Last month, we asked you to name your five favorite contemporary mystery authors. This month, name your five favorite classic authors.
Thanks to all those who replied to last month's request to name their five favorite contemporary authors. Congratulations to Deb Walker of Washington, D.C., whose name was randomly drawn from submissions. She identified her favorite authors as: Louise Penny, Donna Leon, Alexander McCall Smith, Martin Walker, and Andrea Camilleri.
Each month we note birthdays of some of the greats of mystery writing in hopes that you might choose to read (or re-read) one of their works.
P.D. James was born
1920, in Oxford, England. Adam Dalgliesh, a poetry-
writing Scotland Yard inspector who appeared in 14 books from 1962 through 2008, was her most enduring character. By the time of her death in 2014, James and Ruth Rendell were the most popular contemporary writers of "traditional" mystery novels. The Mystery Writers of America honored her as a Grand Master in 1999.
Robert van Gulik, author of the Judge Dee mysteries, was born August 9, 1910, in Zutphen, Holland. His work as a Dutch diplomat in the Far East led to his interest in Chinese history and culture. He wrote 16 novels featuring Judge Dee, a magistrate in China during the Tang Dynasty (600s). He died in 1967.
Dorothy B. Hughes
, one of
the first nbsp;women to write hard-boiled fiction, was born August 10, 1904, in Kansas City. Named a Grand Master by the Mystery Writers of America in 1978, she died in 1993.
Steig Larsson, Swedish
journalist and mystery writer, was born August 15, 1954. His famous Millennium trilogy--The Girl with the Dragon Tattoo, The Girl Who Played with Fire, and The Girl Who Kicked the Hornet's Nest--was published after his death in 2004.
, more often
recognized for her Regency romances than her mysteries, was born August 16, 1902, in Wimbledon, Surrey. Her 12 mysteries, written between 1935 and 1953, are often cited as perfect examples of the classic country house mysteries. Clever dialogue was her forte. She died in 1974.
Earl Derr Biggers was born August 26, 1910, in Warren, Ohio. He is most remembered for his creation of the inscrutable Hawaiian detective Charlie Chan, his attempt to counteract the then-prevailing image of the "sinister Oriental." He died in 1967.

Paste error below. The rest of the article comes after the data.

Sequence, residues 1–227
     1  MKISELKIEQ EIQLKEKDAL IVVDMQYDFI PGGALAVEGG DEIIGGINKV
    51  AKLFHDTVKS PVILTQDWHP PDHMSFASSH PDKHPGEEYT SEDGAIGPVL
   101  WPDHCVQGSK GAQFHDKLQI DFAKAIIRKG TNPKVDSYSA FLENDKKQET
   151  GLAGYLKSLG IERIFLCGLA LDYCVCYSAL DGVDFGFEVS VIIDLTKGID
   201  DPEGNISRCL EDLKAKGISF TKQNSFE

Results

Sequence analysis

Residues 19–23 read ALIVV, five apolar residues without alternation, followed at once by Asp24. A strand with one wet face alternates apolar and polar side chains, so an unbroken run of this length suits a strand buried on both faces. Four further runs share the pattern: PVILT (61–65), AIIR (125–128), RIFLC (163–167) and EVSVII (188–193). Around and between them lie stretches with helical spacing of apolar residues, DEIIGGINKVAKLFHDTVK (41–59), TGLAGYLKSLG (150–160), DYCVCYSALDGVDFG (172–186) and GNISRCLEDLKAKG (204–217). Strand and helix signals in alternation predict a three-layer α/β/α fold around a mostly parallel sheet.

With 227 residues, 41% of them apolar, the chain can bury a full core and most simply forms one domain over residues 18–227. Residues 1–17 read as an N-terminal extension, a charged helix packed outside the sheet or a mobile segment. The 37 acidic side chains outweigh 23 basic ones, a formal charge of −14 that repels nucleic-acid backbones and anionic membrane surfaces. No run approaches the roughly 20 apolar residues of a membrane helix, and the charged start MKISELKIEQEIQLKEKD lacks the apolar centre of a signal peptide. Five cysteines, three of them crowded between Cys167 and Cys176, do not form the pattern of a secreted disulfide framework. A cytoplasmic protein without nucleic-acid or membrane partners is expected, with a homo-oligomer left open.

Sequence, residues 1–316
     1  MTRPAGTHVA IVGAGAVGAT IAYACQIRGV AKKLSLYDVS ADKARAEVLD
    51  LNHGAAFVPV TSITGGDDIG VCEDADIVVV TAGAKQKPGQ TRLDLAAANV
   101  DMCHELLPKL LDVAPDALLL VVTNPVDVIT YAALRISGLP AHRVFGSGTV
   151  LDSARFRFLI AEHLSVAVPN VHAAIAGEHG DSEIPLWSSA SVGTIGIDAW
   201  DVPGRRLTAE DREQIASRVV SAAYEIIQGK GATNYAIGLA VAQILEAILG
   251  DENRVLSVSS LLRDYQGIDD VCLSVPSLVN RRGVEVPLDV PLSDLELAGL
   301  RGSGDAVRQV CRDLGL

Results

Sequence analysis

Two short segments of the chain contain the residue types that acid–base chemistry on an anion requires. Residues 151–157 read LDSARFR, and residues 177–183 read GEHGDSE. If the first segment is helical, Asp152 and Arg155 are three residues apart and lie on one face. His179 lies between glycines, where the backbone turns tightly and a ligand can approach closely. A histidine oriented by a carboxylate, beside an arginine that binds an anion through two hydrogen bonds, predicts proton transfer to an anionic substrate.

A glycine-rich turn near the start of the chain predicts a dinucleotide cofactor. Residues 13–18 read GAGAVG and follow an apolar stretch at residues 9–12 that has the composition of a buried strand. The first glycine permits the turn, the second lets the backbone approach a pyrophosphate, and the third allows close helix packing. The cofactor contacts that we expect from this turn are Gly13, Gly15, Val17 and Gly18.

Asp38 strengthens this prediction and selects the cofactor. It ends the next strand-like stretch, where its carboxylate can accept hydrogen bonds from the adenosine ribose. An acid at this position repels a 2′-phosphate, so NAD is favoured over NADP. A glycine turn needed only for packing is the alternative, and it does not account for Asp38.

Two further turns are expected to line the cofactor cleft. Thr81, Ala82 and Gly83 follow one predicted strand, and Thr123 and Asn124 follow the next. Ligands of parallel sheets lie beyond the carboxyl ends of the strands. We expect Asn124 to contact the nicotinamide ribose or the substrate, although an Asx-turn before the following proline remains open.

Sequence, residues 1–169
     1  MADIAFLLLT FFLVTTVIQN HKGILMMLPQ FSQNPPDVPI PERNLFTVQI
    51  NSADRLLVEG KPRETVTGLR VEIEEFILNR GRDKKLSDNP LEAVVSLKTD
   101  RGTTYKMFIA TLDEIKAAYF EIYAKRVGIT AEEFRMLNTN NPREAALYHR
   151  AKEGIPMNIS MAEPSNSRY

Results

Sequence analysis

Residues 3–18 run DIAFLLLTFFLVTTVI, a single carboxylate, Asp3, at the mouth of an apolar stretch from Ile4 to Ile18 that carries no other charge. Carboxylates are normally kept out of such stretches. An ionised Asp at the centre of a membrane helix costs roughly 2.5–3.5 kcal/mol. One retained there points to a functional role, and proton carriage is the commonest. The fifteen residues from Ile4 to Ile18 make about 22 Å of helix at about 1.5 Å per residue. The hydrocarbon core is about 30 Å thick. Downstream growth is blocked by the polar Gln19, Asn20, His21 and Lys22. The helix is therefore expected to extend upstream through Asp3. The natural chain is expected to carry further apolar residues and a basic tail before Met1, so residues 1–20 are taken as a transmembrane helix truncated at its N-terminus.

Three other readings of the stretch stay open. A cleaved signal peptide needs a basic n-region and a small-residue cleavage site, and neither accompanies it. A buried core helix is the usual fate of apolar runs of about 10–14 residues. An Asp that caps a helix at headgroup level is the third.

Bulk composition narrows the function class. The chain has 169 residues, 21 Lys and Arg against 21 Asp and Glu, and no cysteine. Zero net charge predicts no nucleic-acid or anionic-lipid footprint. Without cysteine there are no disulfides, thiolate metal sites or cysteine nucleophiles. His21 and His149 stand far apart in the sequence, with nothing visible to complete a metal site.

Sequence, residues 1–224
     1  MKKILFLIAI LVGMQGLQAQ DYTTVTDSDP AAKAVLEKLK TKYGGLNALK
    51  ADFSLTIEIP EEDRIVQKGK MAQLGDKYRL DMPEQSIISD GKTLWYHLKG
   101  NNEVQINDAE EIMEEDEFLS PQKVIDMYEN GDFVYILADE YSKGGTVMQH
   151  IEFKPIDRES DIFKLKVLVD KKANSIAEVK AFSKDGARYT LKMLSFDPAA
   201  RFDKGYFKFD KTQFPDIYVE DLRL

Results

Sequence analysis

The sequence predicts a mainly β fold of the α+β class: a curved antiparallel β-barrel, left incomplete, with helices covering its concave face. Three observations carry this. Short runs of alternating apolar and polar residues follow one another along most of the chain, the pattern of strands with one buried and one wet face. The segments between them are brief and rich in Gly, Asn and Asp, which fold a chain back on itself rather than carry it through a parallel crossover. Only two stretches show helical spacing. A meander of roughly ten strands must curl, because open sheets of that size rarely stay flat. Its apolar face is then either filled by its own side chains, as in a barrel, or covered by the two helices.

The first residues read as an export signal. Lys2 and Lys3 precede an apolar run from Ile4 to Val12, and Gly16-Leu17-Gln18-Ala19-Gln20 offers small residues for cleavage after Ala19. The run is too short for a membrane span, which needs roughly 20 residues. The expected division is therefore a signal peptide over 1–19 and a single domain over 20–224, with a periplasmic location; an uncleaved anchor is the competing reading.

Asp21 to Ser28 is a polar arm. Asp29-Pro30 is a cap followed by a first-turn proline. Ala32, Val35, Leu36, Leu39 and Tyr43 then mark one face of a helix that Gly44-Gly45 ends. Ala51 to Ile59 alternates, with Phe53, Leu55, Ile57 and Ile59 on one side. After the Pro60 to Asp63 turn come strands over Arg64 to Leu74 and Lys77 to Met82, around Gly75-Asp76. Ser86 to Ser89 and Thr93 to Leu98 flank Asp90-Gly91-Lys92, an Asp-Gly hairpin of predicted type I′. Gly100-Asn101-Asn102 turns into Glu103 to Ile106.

Some of you already do this, but just a reminder that there's something that you can do for other mystery readers--and it's free.
Forward them our newsletter. If they enjoy it and would like their very own free subscription, tell them to sign up by emailing us at email@example.com. We're pleased to have subscribers throughout the United States as well as many internationally.
Our gift cards are available in any amount. They're always the perfect gift for the holidays, birthdays, anniversaries, or "just because."
We're happy to take mail/phone orders and will send the card either to you or directly to the recipient.
Outdoor Sale Cabinet
We can't begin to fit our entire inventory on the shelves inside our shop. Solution: our outdoor sale cabinet filled with dozens of great reads--
including former bestsellers.
At only $3 each or $10 for four, the price can't be beat. Books are added daily. Whether you're looking for some new (to you) authors, eyeing some old favorites, or even stocking up your own bookshelves for summer guests, you'll have plenty from which to choose.
With success, our bookshelf space grows ever tighter. So, too, does parking for customers.
You're welcome to park in our driveway. Street parking is available, as is space in the lot across Bourne Street.
While our neighbor, the Kennebunk, Kennebunkport, and Wells Water District, has been great about our customers parking in its lot, we know that spaces there are at a premium during the week. Feel free to park there after 3:30 p.m. or on Saturday.
What better way to carry your books (or anything else) and at the same time demonstrate your love of mysteries than with our signature black bag?
Made of durable fabric with reinforced 20-inch handles, the bag sports our recognizable logo. ($7.)
Remember, if you've taken your Mainely Murders bag on a trip, let us know. Send your photo (jpg) and details to firstname.lastname@example.org.
A Trip to Three Pines
Not every fan of author Louise Penny can travel to the Quebec settings of her best-selling series. But, that doesn't mean we can't all enjoy magical Three Pines.
See our special offerings inspired by Armand Gamache and his friends (and now-neighbors) of Three Pines.
How better to start the morning than with a Three Pines café-au-lait mug. It holds 12 ounces, is microwavable and dishwasher safe, and comes in two styles: Viva Gamache! and, from Ruth's book of poetry, I'm F.I.N.E. ($25.)
Louise Penny has provided a lovely perpetual calendar. Each page of this charming 5" by 17" calendar pictures the author, her home, or things that inspire her writing. ($22.)
Lastly, show your affection for Three Pines with a ¾" × ½" lapel pin in the shape of those iconic green trees with silver border. ($15.)
For those who can't resist the mysterious--why else would they be at Mainely Murders?--our popular grab bags are back.
Check out our selection of the colorful bags. Each ($5) contains three books from our stock, each tied to a particular theme. Among our most popular: Passport to Murder (for the armchair traveler), Culinary Crimes (recipes can be deadly), Death By Chocolate (say it ain't so!), and Murder is Academic (our particular favorite).
Thank you for supporting
Mainely Murders and other small independent booksellers. At a time when you have other choices, you've shown a commitment to those of us who are part of the local community and who consider customers to be friends and neighbors.
We take great pride in talking with our clientele, whether it's trading viewpoints on favorites or recommending new titles and authors.